Decades after its release, ‘Red Desert’ still delivers a timely message

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Monica Vitti as Giuliana

By Brett Kessler
Green Right Now

Michelangelo Antonioni’s Red Desert (Il deserto rosso), released in 1964 and winner of the Golden Lion at the Venice Film Festival, is an atmospheric drama whose carefully crafted imagery makes haunting poetry of the industrial world. It came out two years after Rachel Carson’s landmark book Silent Spring, and like that work it marks a time when artists, scientists, and thinkers began to consider — with earnestness and clarity — the impact of industry and modernization on human life.

The film — released last week on DVD and Blu-ray by the Criterion Collection — carries an environmental message made all the more powerful by the oblique way that Antonioni presents it.

Red Desert stars Antonioni muse Monica Vitti as Giuliana, a psychologically troubled woman who is alienated from both her son and her husband Ugo (Carlo Chionetti), manager of the plant that serves as the film’s setting. In the opening scene, she wanders across a field of muted colors, wrapped in a bright green coat, while towers loom overhead emitting smoke and flames. The effect is chilling. Antonioni’s signature eye for composition and Carlo di Palma’s striking cinematography transform a landscape of factory buildings and petrochemical waste into a surreal world that is both beautiful and terrifying.

Richard Harris plays Corrado, a business partner of Ugo’s who takes an immediate interest in Giuliana, sparked in part, Antonioni suggests, by his ability to understand her deeper fears. He, too, is sometimes troubled by the world around him. At the same time, though, they are a mystery to each other. As in earlier films such as L’avventura and L’ecclise, Antonioni uses Red Desert to explore the unusual relationships that develop between characters in search of answers to their own struggles. For Giuliana, Corrado, with his talk of running away to Patagonia, represents the hope of a possible future, an escape from the cold monotony of her life.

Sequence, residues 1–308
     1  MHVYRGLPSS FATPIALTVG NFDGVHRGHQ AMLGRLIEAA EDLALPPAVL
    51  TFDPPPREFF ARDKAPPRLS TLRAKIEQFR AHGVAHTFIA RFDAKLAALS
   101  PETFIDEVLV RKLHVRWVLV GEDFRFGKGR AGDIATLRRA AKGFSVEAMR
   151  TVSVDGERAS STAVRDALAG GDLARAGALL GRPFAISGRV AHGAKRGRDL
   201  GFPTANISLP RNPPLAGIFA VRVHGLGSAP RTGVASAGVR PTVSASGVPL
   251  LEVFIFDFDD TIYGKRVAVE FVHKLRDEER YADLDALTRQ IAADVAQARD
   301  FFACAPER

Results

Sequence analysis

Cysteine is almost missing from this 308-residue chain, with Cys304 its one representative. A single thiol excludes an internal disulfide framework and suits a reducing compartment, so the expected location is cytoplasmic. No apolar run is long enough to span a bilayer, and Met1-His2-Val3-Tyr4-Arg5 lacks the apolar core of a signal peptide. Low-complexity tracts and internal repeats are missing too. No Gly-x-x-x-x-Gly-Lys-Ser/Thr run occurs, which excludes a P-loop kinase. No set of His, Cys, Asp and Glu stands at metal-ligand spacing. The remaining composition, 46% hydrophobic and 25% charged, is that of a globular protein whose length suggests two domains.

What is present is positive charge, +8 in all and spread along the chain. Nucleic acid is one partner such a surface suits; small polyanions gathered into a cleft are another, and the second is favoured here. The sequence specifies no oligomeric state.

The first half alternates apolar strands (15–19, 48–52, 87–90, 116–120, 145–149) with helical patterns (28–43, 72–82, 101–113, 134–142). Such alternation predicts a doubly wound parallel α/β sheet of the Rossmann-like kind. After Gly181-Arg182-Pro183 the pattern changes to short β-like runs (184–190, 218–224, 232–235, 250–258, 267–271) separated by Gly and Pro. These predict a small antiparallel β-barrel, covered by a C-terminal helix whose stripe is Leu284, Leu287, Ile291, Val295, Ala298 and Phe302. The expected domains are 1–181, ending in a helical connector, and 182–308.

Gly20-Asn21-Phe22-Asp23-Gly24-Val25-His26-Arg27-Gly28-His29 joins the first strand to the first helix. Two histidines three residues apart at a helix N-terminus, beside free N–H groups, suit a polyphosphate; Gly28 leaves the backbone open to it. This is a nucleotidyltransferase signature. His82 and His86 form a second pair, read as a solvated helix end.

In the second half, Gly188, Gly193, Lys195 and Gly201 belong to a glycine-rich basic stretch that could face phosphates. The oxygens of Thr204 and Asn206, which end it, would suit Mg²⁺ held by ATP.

Antonioni’s unerring precision as a filmmaker allows him to turn deceptively simple stories into profound examinations of man’s relationship – physical and spiritual – with his environment. The polluted river that runs past the factory, marbled ashen black and gray, is both a potent reminder of the effects of technological progress and of the weight the modern world places on man’s soul. Unlike some other filmmakers who have tackled ecological questions in heavy-handed ways, Antonioni lets the imagery of Red Desert speak for itself.

Red Desert examines the impact of industry and modernization on human life.

In the film’s most stunning sequence, a young girl swims alone along a beach of pink sand, an Eden-like scene of primitive beauty. Monica Vitti’s narration hovers over tranquil images of this imagined paradise. The story, which Giuliana tells to her bedridden son, is “an escape from the reality of her life, a way out to a world where the colors are those of nature,” Antonioni said in an interview with Jean-Luc Godard, included in a booklet with the DVD.  “The sea is blue, and the sand is white. Even the rocks take on a human form, embracing her and singing to her sweetly.”

The most overt “environmentalist” moment is a spare dialogue between Giuliana and her son late in the film, and its impact is heightened by the absence of anything similar preceding it. The two watch a stream of yellow smoke drift silently from one of the plant buildings, and after he inquires about the odd color, Giuliana tells her son that the smoke is poisonous.

“You mean if a little birdie flies there, it’ll die?” the boy asks.

“The little birds know by now,” she says. “They don’t fly there anymore.”

For anyone who appreciates thoughtful cinema, Red Desert offers a provocative, mesmerizing and timely experience.

Copyright © 2010 Green Right Now | Distributed by GRN Network

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